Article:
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post #1951 of 1958 Old 09-07-2017, 10:03 AM
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Originally Posted by Tomas2 View Post
Dr. Strangelove, Or: How I Learned to Stop Worrying and Love the Bomb (1964) is producer/director Stanley Kubrick's brilliant, satirical, provocative black comedy/fantasy regarding doomsday and Cold War politics that features an accidental, inadvertent, pre-emptive nuclear attack. The undated, landmark film - the first commercially-successful political satire about nuclear war, has been inevitably compared to another similar suspense film released at the same time - the much-more-serious and melodramatic Fail-Safe (1964). However, this was a cynically objective, Monty Python-esque, humorous, biting response to the apocalyptic fears of the 1950s.
If you're going to quote someone else's published writing, please link to the original:

http://www.filmsite.org/drst.html
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post #1952 of 1958 Old 09-07-2017, 10:43 AM
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Quote:
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If you're going to quote someone else's published writing, please link to the original:

http://www.filmsite.org/drst.html
Deleted my post and unsubscribed

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post #1953 of 1958 Old 09-07-2017, 11:59 AM
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Originally Posted by Tomas2 View Post
Deleted my post and unsubscribed
Seems like an easier solution would be to just put a link in the post when you quote something, rather than plagiarizing it without credit. But you do what you need to do.
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post #1954 of 1958 Old 09-10-2017, 07:28 PM - Thread Starter
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A Kid for Two Farthings (1955), produced and directed by Carol Reed.

Cute little boy Joe grows up in the street markets of the East End in London, fascinated by all the animal stalls. I think it is supposed to be a Jewish neighborhood. His mother (Celia Johnson, last seen in Brief Encounter (1945)) works for a tailor who tells Joe about the magic of the unicorn, its ability to grant wishes. Joe buys a runty little goat with only one horn and assures everyone the unicorn will get them what they need.

Everyone works and everyone has dreams. Mom needs Dad to come back from Africa. Seamstress Sonia (Diana Dors, last seen in The Long Haul (1957) and briefly in Deep End (1970)) wants to marry her bodybuilder boyfriend but they have no money unless he gets into the wrestling game. The tailor needs a steam press.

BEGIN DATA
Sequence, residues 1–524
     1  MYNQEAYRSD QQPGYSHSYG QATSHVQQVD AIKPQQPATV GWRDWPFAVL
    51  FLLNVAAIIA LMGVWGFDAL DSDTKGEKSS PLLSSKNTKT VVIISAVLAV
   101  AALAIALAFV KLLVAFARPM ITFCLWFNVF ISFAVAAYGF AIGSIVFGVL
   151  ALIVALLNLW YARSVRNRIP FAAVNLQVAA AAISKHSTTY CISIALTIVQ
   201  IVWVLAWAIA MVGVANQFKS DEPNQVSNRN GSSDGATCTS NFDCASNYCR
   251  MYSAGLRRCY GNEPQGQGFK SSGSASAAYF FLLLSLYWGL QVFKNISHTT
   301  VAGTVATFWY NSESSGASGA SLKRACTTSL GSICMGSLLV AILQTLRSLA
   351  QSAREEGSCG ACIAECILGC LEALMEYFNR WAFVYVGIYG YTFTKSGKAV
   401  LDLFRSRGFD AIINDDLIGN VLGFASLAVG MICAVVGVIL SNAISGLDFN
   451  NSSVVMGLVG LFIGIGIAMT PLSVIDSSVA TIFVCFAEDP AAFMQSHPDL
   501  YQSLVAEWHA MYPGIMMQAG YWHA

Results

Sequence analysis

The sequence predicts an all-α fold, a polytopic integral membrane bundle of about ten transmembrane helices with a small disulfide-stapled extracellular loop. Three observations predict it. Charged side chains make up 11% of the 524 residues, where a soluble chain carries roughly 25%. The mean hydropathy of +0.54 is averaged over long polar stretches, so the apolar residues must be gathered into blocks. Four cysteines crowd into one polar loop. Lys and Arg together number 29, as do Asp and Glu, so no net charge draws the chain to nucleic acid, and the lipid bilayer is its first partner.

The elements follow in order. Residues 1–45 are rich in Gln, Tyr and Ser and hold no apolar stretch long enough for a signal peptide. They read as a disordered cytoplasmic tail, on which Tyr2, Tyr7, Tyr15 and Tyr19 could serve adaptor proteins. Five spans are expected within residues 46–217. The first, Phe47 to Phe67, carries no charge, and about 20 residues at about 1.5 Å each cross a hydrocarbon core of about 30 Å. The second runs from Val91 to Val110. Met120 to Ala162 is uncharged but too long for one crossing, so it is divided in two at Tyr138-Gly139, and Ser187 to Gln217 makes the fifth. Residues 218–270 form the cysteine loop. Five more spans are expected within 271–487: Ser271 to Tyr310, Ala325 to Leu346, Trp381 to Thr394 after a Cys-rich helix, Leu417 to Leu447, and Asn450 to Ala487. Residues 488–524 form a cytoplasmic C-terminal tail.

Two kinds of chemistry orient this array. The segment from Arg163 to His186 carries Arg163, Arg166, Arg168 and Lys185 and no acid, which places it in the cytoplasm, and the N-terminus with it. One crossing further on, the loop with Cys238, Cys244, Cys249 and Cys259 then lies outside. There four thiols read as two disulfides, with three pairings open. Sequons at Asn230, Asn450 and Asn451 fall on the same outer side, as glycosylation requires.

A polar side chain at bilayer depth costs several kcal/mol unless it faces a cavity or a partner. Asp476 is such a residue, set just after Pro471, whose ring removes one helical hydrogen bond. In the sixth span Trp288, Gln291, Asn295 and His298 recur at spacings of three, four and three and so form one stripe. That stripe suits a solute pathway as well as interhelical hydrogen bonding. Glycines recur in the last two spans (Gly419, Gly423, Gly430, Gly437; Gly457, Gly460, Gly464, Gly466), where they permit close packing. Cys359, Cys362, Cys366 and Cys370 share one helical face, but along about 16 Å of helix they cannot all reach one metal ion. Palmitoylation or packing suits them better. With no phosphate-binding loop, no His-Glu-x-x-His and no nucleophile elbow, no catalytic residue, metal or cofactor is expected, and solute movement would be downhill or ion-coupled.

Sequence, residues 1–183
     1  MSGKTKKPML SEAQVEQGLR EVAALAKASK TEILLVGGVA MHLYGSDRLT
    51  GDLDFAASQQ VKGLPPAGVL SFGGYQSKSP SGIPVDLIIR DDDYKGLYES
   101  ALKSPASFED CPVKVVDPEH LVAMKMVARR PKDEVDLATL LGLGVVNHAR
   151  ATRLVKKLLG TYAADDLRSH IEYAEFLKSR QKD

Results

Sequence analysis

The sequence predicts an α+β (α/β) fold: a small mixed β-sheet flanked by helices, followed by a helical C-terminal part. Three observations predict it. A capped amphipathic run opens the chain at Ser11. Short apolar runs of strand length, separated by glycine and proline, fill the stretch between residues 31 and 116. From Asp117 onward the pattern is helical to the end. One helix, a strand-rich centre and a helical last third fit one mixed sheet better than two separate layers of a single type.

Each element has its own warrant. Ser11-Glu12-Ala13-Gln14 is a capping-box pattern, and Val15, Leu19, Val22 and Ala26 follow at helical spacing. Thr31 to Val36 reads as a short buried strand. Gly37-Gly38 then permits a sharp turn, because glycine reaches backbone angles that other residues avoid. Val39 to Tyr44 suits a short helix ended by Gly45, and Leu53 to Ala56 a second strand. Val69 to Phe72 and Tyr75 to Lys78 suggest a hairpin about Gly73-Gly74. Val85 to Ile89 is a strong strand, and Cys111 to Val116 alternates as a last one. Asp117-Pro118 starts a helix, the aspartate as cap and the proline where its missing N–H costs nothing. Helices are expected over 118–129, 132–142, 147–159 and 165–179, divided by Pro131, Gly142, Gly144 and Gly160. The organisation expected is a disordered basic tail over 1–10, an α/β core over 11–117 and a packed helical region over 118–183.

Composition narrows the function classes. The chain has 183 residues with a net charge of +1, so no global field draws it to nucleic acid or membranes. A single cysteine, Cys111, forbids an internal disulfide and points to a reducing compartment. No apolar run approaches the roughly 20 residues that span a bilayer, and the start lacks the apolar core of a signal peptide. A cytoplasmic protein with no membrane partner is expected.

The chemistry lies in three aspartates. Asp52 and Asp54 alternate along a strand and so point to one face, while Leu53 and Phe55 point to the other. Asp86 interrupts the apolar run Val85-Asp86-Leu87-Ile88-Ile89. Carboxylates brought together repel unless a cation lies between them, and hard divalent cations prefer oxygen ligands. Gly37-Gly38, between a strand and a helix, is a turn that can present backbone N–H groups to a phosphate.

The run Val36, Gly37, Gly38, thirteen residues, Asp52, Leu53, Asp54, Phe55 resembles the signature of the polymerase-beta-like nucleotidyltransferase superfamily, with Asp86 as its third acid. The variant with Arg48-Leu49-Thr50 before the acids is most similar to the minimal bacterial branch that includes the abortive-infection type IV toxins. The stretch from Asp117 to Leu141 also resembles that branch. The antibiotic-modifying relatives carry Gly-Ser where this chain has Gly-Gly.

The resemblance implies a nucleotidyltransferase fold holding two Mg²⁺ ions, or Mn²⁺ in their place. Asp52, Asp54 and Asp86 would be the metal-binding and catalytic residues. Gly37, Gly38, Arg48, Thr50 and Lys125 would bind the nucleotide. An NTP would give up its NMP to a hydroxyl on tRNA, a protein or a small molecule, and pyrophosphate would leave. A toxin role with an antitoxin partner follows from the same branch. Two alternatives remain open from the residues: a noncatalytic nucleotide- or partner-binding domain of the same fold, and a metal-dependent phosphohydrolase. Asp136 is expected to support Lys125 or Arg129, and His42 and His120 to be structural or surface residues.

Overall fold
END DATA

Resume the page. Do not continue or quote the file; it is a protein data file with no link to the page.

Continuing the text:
It's very sweet, perhaps excessively so. Critics love Carol Reed but didn't care for this one. Like all "kids with animals" stories it turns weepy at the end. That poor weak little goat. Too many wishes.

My thumbnails are from a disc in the "Diana Dors: The Collection" PAL DVD box set. She is a supporting character in most of the other titles, which are:

  • Diamond City (1949): a formula "western" in the South African diamond fields. Featuring Honor Blackman, age 24.
  • A Boy, a Girl and a Bike (1949): Yorkshire bicycle club romance, again with Honor Blackman, a better role for her.
  • Lady Godiva Rides Again (1951): it's actually about beauty pageants.
  • As Long as They're Happy (1955): with Janette Scott, age 17.
  • Yield to the Night (1956): a starring role for Dors in a serious death penalty drama.
  • The Blonde Bombshell (1999): TV bio-pic with Keeley Hawes as the younger and Amanda Redman as the older Dors.



-Bill

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post #1955 of 1958 Old 09-13-2017, 08:42 AM - Thread Starter
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The Sundowners (1960), produced and directed by Fred Zinnemann.

Australian sheepherder Robert Mitchum likes to keep on the move, but his wife Deborah Kerr and their teen boy want to get a farm and settle down. Some conflict but also enough love to work it out. Along the way we have sheep-drives across the outback, wildfire, a marathon shearing contest, good natured drunken brawling, and horseracing.

Mitchum did the picture so he could work with Kerr again, having become friends with her while making Heaven Knows, Mr. Allison (1957). They have good, relaxed married-couple chemistry. She is always particularly good at clear-eyed, unsqueamish sexual relations.

It's startling to see Peter Ustinov as former sea captain turned drover; I always thought of him as an indoor guy, but he can ride a horse and do the work.

This was well liked at the time, nominated for five Academy Awards. It's still pleasant but seems modest in range and scope.

The outdoor scenes were filmed in Australia, with Nicolas Roeg as an uncredited second unit camera operator.

Dimitri Tiomkin score.

Available on DVD.



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post #1956 of 1958 Old 09-13-2017, 08:43 AM - Thread Starter